(I went to an event last night on South Main and the same question came up. And a gentleman, formerly from Michigan, who has lived here in Midtown for over twenty-five years, raised his kids here, told me that his wife has said to him “You’ll never be a Memphian because you weren’t born here.”  Hmm.  Again, would love to hear your thoughts.)

Because I’ve been thinking about our dear friend’s visit, whether I meet the qualifications enough to provide a tour of the city. For me in comes down to a fundamental question, in fact the root of my own search, and that is What is the Memphis narrative? The heart of Memphis may very well be found within the story of Memphis. For our visitor, I thought I'd forgo the Crump years and the cotton industry and yellow fever, and focus instead on the last fifty-plus years. 

So that means two obvious narratives: The Kings. Elvis and MLK. 

That means The Must that is the National Civil Rights Museum at the Lorraine Motel. I’ve mentioned it a few times before, but any meaningful visit to Memphis would be incomplete without a good 4-5-6 hours at what I called a miracle.

The Lorraine on the left, Sun on the right
Elvis means a visit to Graceland… or Sun Studios? And if you were giving a Memphis tour to a new visitor, if you had to pick between the two, which do you think is more important to Memphis history? Sun or Graceland? Or… Stax? I’ve been to all three. But I’ll let you decide.

But after my modest six months here, I feel qualified just enough to mention our personal must’s:

Live music. Probably Lafayette’s. Being a midtowner I’ve been liking me some Lafayette’s quite a lot.

Barbecue. I know Top's and Central and the G’Town Commissary, but I haven’t been to Rendezvous. Haven’t been to Corky’s or The BBQ Shop on Madison either for that matter.

Fried chicken. For me this starts and ends with Gus’s. And downtown Gus’s. My sister-in-law said it best when she said “Gus’s chicken is like crack.” She’s right. Already I gotta have my Gus’s fix about once a week.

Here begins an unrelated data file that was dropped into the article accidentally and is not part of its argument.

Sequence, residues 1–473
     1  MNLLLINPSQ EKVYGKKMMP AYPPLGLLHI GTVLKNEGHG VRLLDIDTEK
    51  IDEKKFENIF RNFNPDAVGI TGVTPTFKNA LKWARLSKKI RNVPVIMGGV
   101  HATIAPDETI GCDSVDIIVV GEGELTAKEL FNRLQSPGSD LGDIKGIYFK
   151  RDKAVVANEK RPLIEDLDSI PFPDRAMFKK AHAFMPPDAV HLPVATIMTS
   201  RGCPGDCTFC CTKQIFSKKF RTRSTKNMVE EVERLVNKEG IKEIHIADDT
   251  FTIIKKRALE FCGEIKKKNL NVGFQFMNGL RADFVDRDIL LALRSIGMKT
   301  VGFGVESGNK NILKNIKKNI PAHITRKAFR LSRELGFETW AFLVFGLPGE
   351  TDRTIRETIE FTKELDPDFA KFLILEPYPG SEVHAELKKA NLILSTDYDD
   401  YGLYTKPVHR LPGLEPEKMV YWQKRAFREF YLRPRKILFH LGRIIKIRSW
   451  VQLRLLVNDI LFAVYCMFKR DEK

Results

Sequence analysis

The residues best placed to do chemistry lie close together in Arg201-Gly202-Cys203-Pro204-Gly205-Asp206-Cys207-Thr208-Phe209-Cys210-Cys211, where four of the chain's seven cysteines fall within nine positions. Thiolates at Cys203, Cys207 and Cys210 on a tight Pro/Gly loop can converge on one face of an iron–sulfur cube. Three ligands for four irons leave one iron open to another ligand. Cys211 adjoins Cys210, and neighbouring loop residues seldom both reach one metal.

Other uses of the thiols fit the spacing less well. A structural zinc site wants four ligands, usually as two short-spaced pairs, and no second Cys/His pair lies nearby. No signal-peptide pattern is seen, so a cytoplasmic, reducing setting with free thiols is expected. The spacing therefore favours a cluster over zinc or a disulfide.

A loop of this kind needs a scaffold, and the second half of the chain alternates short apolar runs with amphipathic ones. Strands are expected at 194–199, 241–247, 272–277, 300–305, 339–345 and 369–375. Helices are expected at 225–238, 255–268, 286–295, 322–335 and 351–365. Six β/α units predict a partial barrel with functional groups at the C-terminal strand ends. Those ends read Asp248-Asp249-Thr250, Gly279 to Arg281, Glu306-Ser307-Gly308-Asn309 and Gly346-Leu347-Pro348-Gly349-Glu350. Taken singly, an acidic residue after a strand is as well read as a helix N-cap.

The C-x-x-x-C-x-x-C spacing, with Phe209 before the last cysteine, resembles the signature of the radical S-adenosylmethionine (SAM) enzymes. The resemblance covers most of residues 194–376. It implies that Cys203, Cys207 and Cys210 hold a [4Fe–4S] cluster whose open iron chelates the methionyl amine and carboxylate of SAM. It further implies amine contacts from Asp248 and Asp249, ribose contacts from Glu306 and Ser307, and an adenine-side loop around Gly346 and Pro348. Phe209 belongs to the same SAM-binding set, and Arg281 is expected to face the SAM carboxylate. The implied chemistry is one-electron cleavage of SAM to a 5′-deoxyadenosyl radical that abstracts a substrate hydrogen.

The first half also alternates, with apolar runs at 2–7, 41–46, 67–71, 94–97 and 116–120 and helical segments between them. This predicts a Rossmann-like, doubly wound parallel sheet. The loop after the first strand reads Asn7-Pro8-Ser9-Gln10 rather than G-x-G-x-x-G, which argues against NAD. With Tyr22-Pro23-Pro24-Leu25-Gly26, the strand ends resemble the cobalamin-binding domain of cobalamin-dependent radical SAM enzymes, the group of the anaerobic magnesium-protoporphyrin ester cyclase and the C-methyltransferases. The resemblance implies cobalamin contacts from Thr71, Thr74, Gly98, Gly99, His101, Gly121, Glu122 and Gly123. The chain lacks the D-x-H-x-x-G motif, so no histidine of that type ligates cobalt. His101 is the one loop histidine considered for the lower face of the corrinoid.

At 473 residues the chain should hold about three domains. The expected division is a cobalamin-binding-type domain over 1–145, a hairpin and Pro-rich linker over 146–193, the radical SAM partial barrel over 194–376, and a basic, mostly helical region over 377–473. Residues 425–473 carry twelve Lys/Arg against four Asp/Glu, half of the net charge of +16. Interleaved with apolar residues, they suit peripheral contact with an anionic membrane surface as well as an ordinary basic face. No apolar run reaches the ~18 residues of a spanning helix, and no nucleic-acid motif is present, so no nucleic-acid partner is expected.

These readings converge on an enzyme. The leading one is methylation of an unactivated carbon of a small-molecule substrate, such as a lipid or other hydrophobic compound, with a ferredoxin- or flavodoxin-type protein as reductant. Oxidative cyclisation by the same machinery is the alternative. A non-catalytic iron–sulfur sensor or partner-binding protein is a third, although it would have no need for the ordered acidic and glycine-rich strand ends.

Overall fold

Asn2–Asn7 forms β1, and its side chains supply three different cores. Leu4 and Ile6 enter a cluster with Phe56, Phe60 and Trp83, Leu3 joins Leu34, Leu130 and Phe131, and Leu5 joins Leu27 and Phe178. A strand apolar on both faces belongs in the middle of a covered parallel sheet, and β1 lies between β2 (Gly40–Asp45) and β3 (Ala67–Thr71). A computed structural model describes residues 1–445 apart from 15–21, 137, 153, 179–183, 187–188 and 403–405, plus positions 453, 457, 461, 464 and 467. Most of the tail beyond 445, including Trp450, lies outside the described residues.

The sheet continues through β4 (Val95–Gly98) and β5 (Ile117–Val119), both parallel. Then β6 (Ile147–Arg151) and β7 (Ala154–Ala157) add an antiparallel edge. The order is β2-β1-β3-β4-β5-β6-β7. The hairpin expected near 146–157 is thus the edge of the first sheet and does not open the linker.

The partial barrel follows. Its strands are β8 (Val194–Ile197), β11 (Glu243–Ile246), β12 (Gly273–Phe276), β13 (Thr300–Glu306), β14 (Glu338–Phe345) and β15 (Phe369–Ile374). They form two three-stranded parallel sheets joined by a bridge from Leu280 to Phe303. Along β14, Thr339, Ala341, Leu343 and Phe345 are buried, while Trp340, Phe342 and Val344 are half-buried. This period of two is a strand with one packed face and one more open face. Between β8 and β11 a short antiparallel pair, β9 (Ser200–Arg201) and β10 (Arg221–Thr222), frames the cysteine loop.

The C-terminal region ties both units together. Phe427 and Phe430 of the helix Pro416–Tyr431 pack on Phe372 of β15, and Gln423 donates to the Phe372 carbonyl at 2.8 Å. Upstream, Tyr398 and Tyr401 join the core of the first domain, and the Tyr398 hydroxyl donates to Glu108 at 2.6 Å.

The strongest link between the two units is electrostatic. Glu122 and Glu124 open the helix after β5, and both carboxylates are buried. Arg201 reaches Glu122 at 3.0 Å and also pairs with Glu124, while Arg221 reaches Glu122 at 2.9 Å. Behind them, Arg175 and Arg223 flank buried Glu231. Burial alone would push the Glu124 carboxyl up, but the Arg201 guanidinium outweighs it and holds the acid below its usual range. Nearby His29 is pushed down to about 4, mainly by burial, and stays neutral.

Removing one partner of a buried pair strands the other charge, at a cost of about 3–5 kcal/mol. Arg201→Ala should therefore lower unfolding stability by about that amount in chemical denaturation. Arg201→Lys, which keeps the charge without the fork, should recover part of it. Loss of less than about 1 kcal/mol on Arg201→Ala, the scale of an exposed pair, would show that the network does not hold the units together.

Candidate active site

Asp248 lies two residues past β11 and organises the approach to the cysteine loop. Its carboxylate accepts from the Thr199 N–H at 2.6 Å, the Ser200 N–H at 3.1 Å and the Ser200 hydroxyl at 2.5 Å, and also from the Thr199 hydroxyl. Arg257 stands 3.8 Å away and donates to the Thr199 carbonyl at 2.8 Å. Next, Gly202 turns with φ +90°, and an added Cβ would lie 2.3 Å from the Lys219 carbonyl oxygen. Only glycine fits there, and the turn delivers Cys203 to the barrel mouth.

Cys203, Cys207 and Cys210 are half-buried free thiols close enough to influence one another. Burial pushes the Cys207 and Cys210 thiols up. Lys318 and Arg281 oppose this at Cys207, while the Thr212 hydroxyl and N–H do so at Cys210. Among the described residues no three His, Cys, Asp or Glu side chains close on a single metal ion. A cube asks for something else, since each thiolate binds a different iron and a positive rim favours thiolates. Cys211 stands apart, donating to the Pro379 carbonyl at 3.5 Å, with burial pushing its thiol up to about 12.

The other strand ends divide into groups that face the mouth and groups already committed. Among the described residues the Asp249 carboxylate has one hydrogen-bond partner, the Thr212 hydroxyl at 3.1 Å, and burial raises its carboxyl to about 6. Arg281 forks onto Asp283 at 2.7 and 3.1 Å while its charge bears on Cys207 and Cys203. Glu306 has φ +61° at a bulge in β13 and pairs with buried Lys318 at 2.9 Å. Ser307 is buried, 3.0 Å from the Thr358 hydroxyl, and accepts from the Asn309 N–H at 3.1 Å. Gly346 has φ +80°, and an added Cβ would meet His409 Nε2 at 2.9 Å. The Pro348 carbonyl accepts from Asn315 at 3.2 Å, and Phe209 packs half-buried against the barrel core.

And then other must’s on our list. The one and only Arcade and Cafe Eclectic on McLean for breakfast. A burger at Babalu in Overton Square. Fried catfish at Second Line. The Beauty Shop in Cooper-Young. Hog n Hominy in Brookhaven Circle. Must check out that new place Loflin Yard down on South Bluffs. A soul burger in Earnestine and Hazels! A drink at the new and improved Newbys or the old and classic Peabody.

I haven’t even gotten started with everything else. Visit Overton Park go see the Redbirds walk down South Main drive around the streets of Central Gardens browse at Burke’s Books shop at Goner Records drink on Beale skip the Zoo until they get off the lawn. 

But I don’t want to ignore the other things. Crime blight poverty budgets de-annexation potholes school cuts polite racism. Do I tell her about all that as well? Or is that TMI?

Maybe I’m not a Memphian yet. Or never will be. But I am overflowing with pride in calling Memphis my home. And I want to share my pride with everyone, especially our special guest. 

I think the Millennial in her can handle it.



Please share your thoughts.

(Author's note: In a rush to post, I misspelled a few things. It's Corky's, not Porky's. Its Babalu, not 'lo.' It's Tops with one 'p' not two. I have since made the corrections. Thanks dear!)

1 comment: